Generative AI (GenAI) presents communication leaders – and the businesses they serve – with an extraordinary set of tools. But as with any new technology, embedding it in the communications function and wider business brings its own novel challenges. In Kademy’s recent roundtable with communication leaders, we asked how communication teams are approaching GenAI and navigating the opportunities and risks. Here are a few key insights from the discussion to help your communication team benchmark against industry peers.

GenAI usage: On different ends of the scale

We polled communication leaders about their GenAI use and found that some communication teams have embraced it wholeheartedly, while others are dipping their toes in. One communication leader reported that their business has launched its own GenAI software in-house, with all business functions encouraged to deploy it where possible. Other leaders noted that GenAI is used in certain technical business areas but is not used regularly by the communication team.

“We are currently NOT using GenAI from a comms standpoint. There’s encouragement to experiment and test but not to utilize for real execution at the moment.”

There are benefits aplenty…

Communication leaders reported a number of benefits of using GenAI, including creating first drafts of written communication, summarising email communication, and note-taking and task-setting from meetings. GenAI is also helping communication teams to amass and filter a vast amount of data. Ultimately, it enables teams to save time and increase efficiency. Win, win.

“ChatGPT and similar tools have been helpful for first drafts, especially writing content on general topics. The team also likes using tools to adjust voice, tone and more.”

…but challenges abound

Along with the myriad benefits, communication leaders highlighted data protection, confidentiality and security as the most prominent challenges. Incorrect data, the cost of rolling out GenAI software and overconfidence among employees were also flagged as issues to address.

“It’s been quite a task to keep the excitement whilst also trying to spread the doom and gloom message about not putting proprietary data or customer data in.”

A new load on the comms leader’s plate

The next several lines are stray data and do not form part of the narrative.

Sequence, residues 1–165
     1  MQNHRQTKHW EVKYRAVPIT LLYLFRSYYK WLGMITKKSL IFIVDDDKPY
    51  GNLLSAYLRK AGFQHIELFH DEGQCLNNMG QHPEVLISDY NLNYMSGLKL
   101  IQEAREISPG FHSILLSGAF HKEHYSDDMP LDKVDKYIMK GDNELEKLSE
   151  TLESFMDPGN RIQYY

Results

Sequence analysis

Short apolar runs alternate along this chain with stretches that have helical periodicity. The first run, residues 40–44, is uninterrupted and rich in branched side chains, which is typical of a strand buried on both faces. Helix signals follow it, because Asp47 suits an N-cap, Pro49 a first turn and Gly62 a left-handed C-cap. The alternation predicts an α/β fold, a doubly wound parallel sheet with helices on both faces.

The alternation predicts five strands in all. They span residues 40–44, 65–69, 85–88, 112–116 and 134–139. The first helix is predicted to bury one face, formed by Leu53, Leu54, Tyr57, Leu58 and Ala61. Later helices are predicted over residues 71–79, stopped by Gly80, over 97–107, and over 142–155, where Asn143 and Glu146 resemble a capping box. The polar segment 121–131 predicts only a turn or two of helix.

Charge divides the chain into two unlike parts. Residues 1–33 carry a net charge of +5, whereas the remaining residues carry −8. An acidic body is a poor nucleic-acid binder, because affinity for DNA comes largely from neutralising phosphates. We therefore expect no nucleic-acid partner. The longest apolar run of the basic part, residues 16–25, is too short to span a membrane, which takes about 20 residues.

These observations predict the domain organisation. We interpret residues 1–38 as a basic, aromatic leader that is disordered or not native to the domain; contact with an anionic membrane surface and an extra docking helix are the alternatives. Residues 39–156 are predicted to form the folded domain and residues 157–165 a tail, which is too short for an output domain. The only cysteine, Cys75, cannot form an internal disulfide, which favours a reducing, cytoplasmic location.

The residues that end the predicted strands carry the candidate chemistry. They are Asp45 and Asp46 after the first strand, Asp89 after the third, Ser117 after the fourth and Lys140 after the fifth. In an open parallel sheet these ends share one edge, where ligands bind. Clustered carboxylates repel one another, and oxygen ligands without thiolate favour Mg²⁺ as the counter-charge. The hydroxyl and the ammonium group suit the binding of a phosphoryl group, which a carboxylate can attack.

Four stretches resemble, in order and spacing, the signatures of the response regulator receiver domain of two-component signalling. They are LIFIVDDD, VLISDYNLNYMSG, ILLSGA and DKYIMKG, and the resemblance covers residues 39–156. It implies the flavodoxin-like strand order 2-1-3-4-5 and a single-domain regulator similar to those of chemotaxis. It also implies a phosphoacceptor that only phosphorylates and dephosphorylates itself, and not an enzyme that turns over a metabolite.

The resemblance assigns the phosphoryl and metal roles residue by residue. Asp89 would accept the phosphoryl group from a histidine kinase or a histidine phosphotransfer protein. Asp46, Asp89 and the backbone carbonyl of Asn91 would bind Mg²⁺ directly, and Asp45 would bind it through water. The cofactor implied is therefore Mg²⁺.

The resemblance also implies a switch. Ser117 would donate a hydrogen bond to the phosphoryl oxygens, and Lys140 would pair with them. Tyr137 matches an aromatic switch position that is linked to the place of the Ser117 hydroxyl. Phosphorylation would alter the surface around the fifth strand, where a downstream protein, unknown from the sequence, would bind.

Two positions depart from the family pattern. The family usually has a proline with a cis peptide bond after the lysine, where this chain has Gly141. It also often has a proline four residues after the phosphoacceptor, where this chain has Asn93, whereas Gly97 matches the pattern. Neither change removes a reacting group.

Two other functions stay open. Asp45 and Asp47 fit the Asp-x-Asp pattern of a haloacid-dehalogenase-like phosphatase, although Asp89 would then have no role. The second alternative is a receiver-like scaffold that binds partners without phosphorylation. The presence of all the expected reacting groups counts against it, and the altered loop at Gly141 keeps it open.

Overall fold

Communication leaders acknowledged that the rollout of GenAI within the communication team and wider business has added new tasks to their to-do lists. Ultimately, it falls on communication leaders to educate and guide their employees on how to use AI ethically and fairly. This means working closely with legal, risk, HR, and IT teams to create guardrails, policies and training to support the organisation.

Forging ahead with caution

Communication leaders are in no doubt of the gains that can be made from using GenAI, as our roundtable highlighted. That being said, they are embracing the technology with necessary caution. More than anyone in the business, communication leaders know the potential ramifications that could come from a lack of due diligence. As one participant noted, communication leaders would be wise to take a long-lens view of GenAI and avoid rushing towards it like a shiny new toy.

“We’re trying to think about the long-term impact of this, rather than just the low-hanging fruit for right now. So we’re spending a lot of time putting our governance in place…we’ve also launched some training across the organisation.”


Calling communication leaders

If you’d like to engage directly with your peers on topics from AI to change communications and future skills, we’d love to hear from you. As the strategic partner for communication leaders, Kademy’s roundtable series enables communication professionals to tap into the collective wisdom of their peers. To get involved, contact us at